“The poison was brewed in these West lands but it has spat itself everywhere by now. However far you went you would find the machines, the crowded cities, the empty thrones, the false writings, the barren beds: men maddened with false promises and soured with true miseries, worshipping the iron works of their own hands, cut off from Earth their mother and from the Father in Heaven. You might go East so far that East became West and you returned to Britain across the great Ocean, but even so you would not have come out anywhere into the light. The shadow of one dark wing is over all Tellus.”
C.S. Lewis, That Hideous Strength, “They Have Pulled Down Deep Heaven on Their Heads”
Beheading Hydra by Fr. Dwight Longenecker (Sophia Institute Press, August 2021) can be considered a companion volume to his Immortal Combat (Sophia Institute Press, May 2020), and I recommend they be read together to fully appreciate Fr. Dwight’s timely message. Honestly, the content of Hydra was more what I’d expected when I first read Combat, but the sequence of the two works is appropriate and complementary. A point I made in my review of Combat is even more applicable with Hydra: these are pastoral works, not primarily apologetic or catechetical. Fr. Dwight has the heart of a pastor. His concern is for human souls, he wants to see everyone safely home, and these books are an expression of his concern. Fr. Dwight does engage in some apologetics and catechesis, but as pastoral tools.To read Hydra by itself (or, for that matter, any of the array of socio-political commentary available from numerous sources,) would make it easier to think our problems were rooted in “Them Out There”, while Combat helps us to grasp that it’s primarily “Us In Here.”
That said, Beheading Hydra is a succinct and accessible survey of how human sin manifests itself in a society, especially when those constructing that society have cut themselves off from even the awareness God and divine revelation (as we see in post-modern Western culture.) He details how modern errors such as Materialism, Utilitarianism, Utopianism, and the like can be seen in the world around us, and what their dangers are. But rather than using theoretical abstractions, he uses examples such as popular music and toys to make his points. He discusses the characters who popularized these notions, such as Jeremy Bentham or Jean-Jacques Rousseau, but doesn’t leave the reader feeling like he needs a Masters in History or Philosophy. Fr. Dwight diligently connects the dots so the reader can see the foundational unity of the deception.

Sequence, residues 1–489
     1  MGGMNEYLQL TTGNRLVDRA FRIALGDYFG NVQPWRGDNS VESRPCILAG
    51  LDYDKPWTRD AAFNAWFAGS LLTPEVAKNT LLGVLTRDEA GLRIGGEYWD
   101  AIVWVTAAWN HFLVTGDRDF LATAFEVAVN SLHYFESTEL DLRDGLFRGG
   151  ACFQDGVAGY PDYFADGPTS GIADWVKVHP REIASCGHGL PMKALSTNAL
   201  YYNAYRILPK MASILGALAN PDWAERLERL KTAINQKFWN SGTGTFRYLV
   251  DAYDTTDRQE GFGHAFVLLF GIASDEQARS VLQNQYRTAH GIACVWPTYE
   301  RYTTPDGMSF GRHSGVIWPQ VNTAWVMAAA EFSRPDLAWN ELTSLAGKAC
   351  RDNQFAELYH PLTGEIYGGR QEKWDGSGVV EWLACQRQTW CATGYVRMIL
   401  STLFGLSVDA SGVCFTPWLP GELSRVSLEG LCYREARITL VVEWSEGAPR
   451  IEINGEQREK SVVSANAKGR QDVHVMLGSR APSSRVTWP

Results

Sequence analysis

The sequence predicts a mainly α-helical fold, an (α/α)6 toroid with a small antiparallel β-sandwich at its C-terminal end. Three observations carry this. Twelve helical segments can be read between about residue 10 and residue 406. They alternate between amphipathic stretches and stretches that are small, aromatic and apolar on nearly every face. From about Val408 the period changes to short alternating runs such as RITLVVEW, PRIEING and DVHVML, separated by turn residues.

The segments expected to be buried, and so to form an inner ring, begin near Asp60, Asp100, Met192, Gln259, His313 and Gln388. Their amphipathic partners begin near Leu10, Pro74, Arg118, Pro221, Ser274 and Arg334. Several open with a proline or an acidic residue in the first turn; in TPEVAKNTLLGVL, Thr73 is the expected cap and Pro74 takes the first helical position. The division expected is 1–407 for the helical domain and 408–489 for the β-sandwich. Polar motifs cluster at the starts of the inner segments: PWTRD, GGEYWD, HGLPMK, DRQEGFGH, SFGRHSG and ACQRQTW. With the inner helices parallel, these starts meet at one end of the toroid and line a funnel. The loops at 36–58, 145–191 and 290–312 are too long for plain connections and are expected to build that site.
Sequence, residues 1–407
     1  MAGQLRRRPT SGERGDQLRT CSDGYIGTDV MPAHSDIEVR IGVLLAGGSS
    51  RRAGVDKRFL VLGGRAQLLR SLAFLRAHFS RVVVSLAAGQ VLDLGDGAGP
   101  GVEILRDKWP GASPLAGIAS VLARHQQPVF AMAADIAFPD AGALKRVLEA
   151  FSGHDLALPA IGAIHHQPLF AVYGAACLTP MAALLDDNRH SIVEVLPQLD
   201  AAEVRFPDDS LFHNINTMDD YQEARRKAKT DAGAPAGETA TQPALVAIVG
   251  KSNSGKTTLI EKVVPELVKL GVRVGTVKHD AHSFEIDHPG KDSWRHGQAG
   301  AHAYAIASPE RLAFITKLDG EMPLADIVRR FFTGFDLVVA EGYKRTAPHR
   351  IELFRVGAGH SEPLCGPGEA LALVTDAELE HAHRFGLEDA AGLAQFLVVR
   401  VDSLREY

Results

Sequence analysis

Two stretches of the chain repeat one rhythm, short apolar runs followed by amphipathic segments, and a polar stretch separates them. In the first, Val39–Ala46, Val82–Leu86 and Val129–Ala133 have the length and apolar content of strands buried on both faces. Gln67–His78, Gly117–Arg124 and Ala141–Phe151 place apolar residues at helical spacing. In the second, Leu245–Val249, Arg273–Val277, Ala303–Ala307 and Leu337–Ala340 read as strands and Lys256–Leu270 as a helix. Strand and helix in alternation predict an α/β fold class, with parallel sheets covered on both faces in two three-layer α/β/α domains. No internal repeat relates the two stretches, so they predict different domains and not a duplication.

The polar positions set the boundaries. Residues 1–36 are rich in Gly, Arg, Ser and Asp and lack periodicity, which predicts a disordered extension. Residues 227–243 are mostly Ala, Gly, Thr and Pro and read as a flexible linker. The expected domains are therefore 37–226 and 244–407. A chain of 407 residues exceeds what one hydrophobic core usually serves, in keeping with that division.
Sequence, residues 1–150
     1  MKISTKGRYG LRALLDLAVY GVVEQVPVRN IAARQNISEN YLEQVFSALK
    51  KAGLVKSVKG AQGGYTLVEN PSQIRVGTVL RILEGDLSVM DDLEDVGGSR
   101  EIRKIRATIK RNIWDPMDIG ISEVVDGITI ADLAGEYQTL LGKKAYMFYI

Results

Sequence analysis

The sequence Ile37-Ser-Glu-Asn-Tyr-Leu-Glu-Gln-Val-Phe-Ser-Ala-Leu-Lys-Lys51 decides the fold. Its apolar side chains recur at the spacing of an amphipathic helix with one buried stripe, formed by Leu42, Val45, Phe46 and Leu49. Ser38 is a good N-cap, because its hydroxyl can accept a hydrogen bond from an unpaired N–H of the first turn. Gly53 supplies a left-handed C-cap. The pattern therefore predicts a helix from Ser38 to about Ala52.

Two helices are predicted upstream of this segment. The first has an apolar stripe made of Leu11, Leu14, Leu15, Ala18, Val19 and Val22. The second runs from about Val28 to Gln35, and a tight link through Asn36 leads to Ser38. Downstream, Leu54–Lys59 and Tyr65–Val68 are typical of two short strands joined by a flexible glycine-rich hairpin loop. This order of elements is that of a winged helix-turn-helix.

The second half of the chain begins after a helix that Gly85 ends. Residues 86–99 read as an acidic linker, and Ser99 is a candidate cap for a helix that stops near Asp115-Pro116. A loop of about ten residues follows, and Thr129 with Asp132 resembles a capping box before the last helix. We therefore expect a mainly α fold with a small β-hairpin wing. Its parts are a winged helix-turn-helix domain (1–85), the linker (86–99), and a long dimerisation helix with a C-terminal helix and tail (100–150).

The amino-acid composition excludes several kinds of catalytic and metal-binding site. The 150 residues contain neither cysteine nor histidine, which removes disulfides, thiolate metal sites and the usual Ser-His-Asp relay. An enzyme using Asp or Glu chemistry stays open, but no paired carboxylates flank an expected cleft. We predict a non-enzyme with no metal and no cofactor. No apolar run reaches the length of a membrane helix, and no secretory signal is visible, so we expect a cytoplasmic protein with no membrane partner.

Having detailed the breadth of the problem, Fr. Dwight doesn’t leave us to despair in the face of this challenge, or merely strapping on our armor and weapons for a brave but ultimately futile battle against this foe. He lays out a plan for exterminating the rot and bringing renewal in the midst of this overwhelming decay. This plan turns out to be…the Gospel, as understood and lived by Christians since apostolic times, but expressed in a manner that makes it applicable to the problems detailed in the first half of the book. Taking the errors point-by-point, he explains how God’s people living in radical faith and obedience to the Gospel can undo the damage caused by these false teachings.
Here lies part of the vital tie-back to Immortal Combat: because the problem is rooted within each person, the solution must begin there. Only a disciplined, obedient army can triumph over such a dangerous foe, but obedient, disciplined armies are made up of obedient, disciplined soldiers. We cannot fight the hydra-headed errors of our times until we’ve engaged in our own immortal combat. It’s true that neither the internal battle nor the external one will be finished until the White Rider appears (see Revelation 19), but every generation must engage the foe of its time. Fr. Dwight’s pair of books offers keen insight and clear direction on how to execute that engagement in the circumstances we find ourselves in.